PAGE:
On the disc itself is a small but impressive collection of commentary/featurettes and shorts, all of which come with English HDH subtitles (including the commentary), and some of which will be familiar to owners of the BFI's 2006 DVD. They are:
Commentary by Professor Christopher Frayling
An excellent and thorough analysis from the noted film expert and biographer Christopher Frayling, who insightfully covers just about all the themes and motifs as he compares the film to Henry James' original novel and the 1950 play by William Archibald that Clayton took the film's title from. Frayling also provides lots of information on the film's production and the cast and crew throughout. This is a definite must listen to any fans of the film who aren't familiar with the feature from the DVD.
Filmed Introduction (26min:03sec, 1080p, English LPCM 1.0)
Frayling returns to narrate a video introduction that is thorough enough to qualify as a retrospective Making Of in itself, talking us through how the final script fell into place and production started, right up to the marketing of the finished product. It also features brief interview footage of Deborah Kerr and Pamela Franklin. Frayling may cover some of the same ground as his commentary, but there's enough extra information here to make this an excellent companion piece and must watch in itself.
Note: Although this feature is presented in 1080p AVC it is in fact a very blocky Standard Def upconvert.
Original US Trailer (02m:49s, 1080p, English LPCM 1.0 Mono)
Entertainingly over the top and schlocky, I'd imagine this trailer was quite effective in selling the supernatural theme back in 1961. Sadly it's another 1080p upconvert - this time from an interlaced SD source, so you may spot some combing.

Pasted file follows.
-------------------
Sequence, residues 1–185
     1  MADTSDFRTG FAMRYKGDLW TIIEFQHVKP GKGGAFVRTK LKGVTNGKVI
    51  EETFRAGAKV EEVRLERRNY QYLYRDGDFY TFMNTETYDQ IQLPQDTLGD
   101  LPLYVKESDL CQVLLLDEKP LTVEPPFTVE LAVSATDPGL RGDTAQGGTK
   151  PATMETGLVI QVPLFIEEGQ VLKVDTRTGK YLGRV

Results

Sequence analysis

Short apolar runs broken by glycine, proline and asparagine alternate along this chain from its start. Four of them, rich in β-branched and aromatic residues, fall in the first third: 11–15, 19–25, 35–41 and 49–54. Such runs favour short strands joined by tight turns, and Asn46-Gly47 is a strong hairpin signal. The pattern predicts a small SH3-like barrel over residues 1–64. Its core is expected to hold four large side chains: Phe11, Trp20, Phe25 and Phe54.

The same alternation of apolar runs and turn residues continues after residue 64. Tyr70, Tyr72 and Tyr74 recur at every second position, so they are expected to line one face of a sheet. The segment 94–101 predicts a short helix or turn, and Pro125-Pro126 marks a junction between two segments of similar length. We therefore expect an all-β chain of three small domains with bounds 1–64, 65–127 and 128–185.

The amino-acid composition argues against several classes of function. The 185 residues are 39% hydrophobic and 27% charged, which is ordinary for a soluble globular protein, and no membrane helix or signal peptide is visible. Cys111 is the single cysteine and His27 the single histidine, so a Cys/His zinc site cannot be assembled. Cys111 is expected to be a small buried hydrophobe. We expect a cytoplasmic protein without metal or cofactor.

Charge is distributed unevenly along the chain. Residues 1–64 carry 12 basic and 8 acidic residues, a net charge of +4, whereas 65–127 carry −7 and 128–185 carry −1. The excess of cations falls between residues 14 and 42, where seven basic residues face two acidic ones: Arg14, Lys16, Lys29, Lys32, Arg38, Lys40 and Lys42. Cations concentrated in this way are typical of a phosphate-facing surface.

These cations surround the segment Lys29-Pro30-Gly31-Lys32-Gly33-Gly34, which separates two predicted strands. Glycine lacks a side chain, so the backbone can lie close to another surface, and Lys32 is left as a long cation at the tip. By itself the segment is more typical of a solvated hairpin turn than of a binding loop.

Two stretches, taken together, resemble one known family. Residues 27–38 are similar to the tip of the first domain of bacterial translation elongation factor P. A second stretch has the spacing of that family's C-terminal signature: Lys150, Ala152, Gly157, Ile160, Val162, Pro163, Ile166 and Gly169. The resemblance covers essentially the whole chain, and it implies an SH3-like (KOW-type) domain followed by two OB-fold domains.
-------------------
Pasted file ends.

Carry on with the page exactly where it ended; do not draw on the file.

Designed by Motley (14m:25s, 1080p, English LPCM 2.0)
A featurette on the film's costume designs created by the Motley Theatre Design Group and narrated by Catherine Surowiec. It starts with a brief introduction to the three British designers who made up Motley and also looks at some of the costume design on the various other adaptations of The Turn of the Screw before settling down into an analysis of the costumes for each character in Clayton's film, including a gallery of the original designs by Motley designer Sophia Harris.
The Bespoke Overcoat (37m:30s, 1080p, English LPCM 2.0)
Gogol's The Overcoat was adapted into a one-act play by Wolf Mankowitz in 1953 and was later adapted to film with Mankowitz as screenwriter by Jack Clayton in 1955, which eventually won both a British and an American Academy Award for Best Short. A poor tailor is visited by the ghost of his recently deceased friend Fender, who had commissioned the tailor to repair his threadbare overcoat. Fender's flashback reveals his final days working as a clerk in a clothing factory for a meagre salary that didn't afford him the money to replace his coat, but his friend the tailor offers to make a new coat at cost for ten pounds. However before the tailor can finish the job Fender is fired by his callous young boss and is forced to cancel the new coat, and dies from the cold later that night.
|The Bespoke Overcoat (1955)|
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The Bespoke Overcoat is a touching human drama that has enough parallels to The Innocents to justify its inclusion here, notably in the use of subjective flashback, dissolves, and supernatural theme. It is presented in 1080p with an excellent transfer and LPCM 2.0 Mono track that far exceed its status as just an extra feature.
Naples is a Battlefield (13m:33s, 1080p, English LPCM 2.0)
Jack Clayton's first and only film as a solo director throughout his time serving in the RAF Film Production Unit during World War 2. Naples is a Battlefield was shot in 1943 after the townsfolk of Naples and the Italian Resistance forced the occupying German forces out of the city just before the Allied Forces came to liberate it. This short documentary highlights the devastation brought to the city by Allied bombing campaigns and the German forces seeking to wreck the city before they fled, with Clayton following the efforts of Allied servicemen to rebuild the shattered shell of Naples. Like with The Bespoke Overcoat, the BFI have given Naples is a Battlefield the loving 1080p treatment and it looks and sounds great for its age and low budget.
|Naples is a Battlefield (1944)|